We’re more than a quarter of the way through 2021 and well over a year into a global pandemic, and for a lot of us, everything is exhausting. The news cycle is unrelenting. Unarmed Black people are still routinely killed by police officers. And many of us are isolated and working from home, removed from the family, friends, and group hobbies that boost our morale.

We are coming up with new ways to categorize and define our exhaustion. Zoom fatigue is one of them, a term that entered our vernacular in 2020.

A few weeks into the pandemic reports surfaced of people feeling extra tired after work meetings due, in part, to video conference calls. There are psychological reasons for this: experts say we tend to feel more drowsy after a video chat vs. one in real life because video calls require more focus, forcing us to work harder to process the visual cues we read effortlessly in the real world.  

“Our minds are together when our bodies feel we’re not. That dissonance, which causes people to have conflicting feelings, is exhausting. You cannot relax into the conversation naturally,” Gianpiero Petriglieri, an associate professor at INSEAD who explores sustainable learning and development in the workplace, told the BBC.

Now, a new study has taken a deep dive into the mechanisms behind Zoom fatigue and has found women are more likely to be affected by it.

Turns out one of the drivers behind Zoom fatigue is “mirror anxiety,” which is the mental strain of having to look at yourself, often in an unflattering light and at unflattering angles, sometimes for hours a day.

Of the study’s 10,322 participants, 1 in 7 women, or 13.8 per cent, reported fatigue after Zoom calls, compared to 1 in 20 men, or 5.5 per cent.

It was also found women felt “trapped” by having to stay in the camera’s field of view and that women tend to have longer meetings than men and take fewer breaks, the study says.

But how tired you may feel depends on several factors. Introverts, younger people, and individuals who have higher levels of anxiety seemed to report the highest levels of fatigue.

ALT TEXT: Causes of Zoom fatigue 1. Seeing yourself on camera in real-time can be mentally taxing. 2. video chats reduce our mobility, leaving some people feeling “trapped.” 3. non-verbal communication cues are harder to process in video chats 4. prolonged periods of close-up eye contact can be exhausting.
Graphic created by We Rep STEM. Information sourced from Stanford News.


The study says white people of all genders tend to feel less fatigued than “other categories of race,” except for “those identifying as Native Hawaiian, Pacific Islander or other,” but we must point out that the sample of non-white participants is small. It’s hard to say with confidence if Black men are more likely to be impacted than white women, given the demographic breakdown.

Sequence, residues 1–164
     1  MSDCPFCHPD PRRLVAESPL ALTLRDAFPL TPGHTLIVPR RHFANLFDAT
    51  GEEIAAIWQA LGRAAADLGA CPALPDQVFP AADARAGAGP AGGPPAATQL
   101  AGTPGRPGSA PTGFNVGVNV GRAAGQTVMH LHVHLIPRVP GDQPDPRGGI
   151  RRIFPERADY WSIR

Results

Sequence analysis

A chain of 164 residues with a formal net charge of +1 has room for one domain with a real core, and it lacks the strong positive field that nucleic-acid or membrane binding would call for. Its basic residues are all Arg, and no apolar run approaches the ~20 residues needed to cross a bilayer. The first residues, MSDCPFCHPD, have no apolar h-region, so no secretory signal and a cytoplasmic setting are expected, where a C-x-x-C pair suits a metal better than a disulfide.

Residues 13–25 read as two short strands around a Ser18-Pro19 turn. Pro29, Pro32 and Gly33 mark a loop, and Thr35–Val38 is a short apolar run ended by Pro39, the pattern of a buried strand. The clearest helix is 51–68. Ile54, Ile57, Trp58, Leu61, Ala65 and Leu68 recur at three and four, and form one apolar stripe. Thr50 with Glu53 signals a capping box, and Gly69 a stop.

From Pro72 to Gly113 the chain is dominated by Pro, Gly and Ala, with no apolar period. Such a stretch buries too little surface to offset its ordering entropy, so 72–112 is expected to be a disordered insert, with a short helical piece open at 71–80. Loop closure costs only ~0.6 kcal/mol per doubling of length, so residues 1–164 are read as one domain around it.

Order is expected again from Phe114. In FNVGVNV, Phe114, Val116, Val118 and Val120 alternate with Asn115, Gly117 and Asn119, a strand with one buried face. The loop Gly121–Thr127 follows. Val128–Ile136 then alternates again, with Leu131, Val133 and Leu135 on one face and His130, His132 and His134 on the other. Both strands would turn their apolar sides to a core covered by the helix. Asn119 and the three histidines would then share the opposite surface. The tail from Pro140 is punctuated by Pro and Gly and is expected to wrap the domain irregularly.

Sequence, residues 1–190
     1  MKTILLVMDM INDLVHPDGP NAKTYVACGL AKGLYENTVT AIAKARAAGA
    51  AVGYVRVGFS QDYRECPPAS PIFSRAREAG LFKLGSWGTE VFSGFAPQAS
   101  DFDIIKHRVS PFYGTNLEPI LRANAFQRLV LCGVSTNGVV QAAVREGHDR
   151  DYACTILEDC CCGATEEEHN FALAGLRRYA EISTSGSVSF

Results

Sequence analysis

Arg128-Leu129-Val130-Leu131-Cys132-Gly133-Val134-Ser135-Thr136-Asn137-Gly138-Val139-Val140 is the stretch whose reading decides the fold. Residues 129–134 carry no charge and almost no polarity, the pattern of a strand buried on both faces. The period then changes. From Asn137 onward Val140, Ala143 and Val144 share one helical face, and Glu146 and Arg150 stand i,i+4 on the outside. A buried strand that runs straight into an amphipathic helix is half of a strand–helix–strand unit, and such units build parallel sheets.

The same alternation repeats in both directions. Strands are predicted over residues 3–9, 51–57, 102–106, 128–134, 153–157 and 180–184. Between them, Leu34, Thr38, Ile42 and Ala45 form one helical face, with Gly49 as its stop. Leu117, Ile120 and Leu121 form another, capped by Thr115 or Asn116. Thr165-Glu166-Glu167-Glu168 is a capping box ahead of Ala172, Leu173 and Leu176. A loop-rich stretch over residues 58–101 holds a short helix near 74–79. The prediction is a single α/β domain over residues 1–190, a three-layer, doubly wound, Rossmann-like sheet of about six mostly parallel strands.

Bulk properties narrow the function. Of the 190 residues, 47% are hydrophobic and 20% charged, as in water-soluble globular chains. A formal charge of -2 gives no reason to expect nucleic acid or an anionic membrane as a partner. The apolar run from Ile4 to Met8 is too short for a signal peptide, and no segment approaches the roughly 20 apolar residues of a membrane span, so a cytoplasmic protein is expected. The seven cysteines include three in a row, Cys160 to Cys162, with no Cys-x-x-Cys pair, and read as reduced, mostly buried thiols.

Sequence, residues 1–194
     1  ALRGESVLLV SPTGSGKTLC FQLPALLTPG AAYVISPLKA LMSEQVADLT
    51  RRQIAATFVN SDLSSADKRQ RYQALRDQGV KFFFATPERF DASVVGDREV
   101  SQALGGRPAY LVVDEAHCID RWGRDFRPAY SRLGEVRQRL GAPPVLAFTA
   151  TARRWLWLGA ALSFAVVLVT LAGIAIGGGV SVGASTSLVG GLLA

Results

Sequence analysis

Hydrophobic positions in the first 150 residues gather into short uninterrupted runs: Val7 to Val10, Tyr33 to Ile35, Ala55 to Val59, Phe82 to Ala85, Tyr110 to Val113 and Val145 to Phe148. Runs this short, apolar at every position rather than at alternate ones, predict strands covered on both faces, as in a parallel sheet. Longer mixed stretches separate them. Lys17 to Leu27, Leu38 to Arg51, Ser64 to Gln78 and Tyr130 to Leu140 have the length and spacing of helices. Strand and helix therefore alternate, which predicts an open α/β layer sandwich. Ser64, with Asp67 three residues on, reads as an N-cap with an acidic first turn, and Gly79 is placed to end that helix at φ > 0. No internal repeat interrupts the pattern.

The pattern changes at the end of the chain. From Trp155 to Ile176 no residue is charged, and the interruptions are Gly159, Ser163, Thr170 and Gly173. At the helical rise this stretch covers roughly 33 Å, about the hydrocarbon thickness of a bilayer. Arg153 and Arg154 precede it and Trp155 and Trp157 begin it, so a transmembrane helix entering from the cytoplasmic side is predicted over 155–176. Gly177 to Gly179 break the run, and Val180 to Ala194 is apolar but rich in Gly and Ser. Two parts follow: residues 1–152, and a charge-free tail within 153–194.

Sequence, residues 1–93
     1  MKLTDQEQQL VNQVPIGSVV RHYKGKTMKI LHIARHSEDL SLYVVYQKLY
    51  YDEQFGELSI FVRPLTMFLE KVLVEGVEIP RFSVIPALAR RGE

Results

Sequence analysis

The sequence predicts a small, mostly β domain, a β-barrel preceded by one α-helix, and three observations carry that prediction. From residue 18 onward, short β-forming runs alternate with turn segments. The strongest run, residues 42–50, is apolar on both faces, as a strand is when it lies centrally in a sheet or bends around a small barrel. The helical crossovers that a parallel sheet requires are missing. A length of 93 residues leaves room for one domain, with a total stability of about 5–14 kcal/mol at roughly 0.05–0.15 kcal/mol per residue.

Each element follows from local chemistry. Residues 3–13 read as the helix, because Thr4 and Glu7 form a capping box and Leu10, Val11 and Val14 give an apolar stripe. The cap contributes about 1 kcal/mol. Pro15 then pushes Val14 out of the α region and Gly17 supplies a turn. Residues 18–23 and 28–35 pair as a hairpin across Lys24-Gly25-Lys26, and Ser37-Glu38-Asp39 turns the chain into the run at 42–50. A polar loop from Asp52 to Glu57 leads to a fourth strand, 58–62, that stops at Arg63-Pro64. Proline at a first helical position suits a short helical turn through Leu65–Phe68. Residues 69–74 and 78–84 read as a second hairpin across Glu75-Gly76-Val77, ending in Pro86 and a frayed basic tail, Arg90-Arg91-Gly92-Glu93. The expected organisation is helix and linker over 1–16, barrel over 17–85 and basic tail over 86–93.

According to the paper:

  • 74.5 per cent of the participants were white 
  • 7.2 per cent Asian or Asian-American
  • 4.2 per cent Hispanic or Latinx
  • 2.3 per cent Black
  • 0.8 per cent Middle Eastern
  • 0.3 per cent Indigenous or Native American
  • 0.3 per cent Native Hawaiian or Pacific Islander

And while the study concludes women are the most common sufferers of Zoom fatigue, we can’t say that with 100 per cent certainty, because the study largely overlooks non-binary individuals.

From a gender perspective:

  • 68.8 per cent of the participants in the study identified as women
  • 28.8 per cent identified as men
  • 0.85 per cent identified as neither women nor men
  • 1.6 per cent declined to answer

The paper attempted to replicate the observed gender effect in their 10K+ sample with a new sample of 788 participants; and there is more Black, Asian, and Hispanic/Latinx representation there at 10.5 per cent, 9.1 per cent, and 4.8 per cent respectively, with 68.8 per cent of the demographic identifying as white.

According to the U.S Bureau of Labor and Statistics, Black and Asian individuals account for 13 per cent and 6 per cent of the overall U.S. workforce respectively.


That said, if you are feeling an energy zap from a seemingly never-ending parade of video calls, there are things you can do to protect your mental health.

In an email with We Rep STEM, Wendy Ingram, Ph.D., Co-Founder and Chief Executive Officer of Dragonfly Mental Health (Dragonfly) recommends creating healthy routines and maintaining them. 

Other tips?

One: Turn off self-view. Two: If you are in a position of power, evaluate if you really need a meeting. Three: Go outside, if possible,” Dr. Ingram says.

“Not everything has to be a video call, phone calls or camera off are okay,” Mary Huff, Ph.D., Consulting Team Co-Lead at Dragonfly adds. This is especially important to keep in mind given the pandemic isn’t going anywhere anytime soon, making it crucial to find something that works for you and sticking with it.

“There’s no magical ready-made solution,” Olga Vvedenskaya, MD, Ph.D., Co-Founder & Chief Administration Officer at Dragonfly says when it comes to beating Zoom fatigue.

“This is unfortunately how the world is now.”

But that doesn’t mean you can’t protect yourself. According to the CDC, tips for coping with pandemic-related anxiety that can contribute to Zoom fatigue include:

  • Limiting how much news you take in.
  • Being kind and patient with yourself and others.
  • Checking in on friends and family via social media or phone.
  • Eating healthy foods, trying to stay active, and keeping hydrated.
  • Resting.
  • Connecting with local resources that provide coaching for anxiety and depression.

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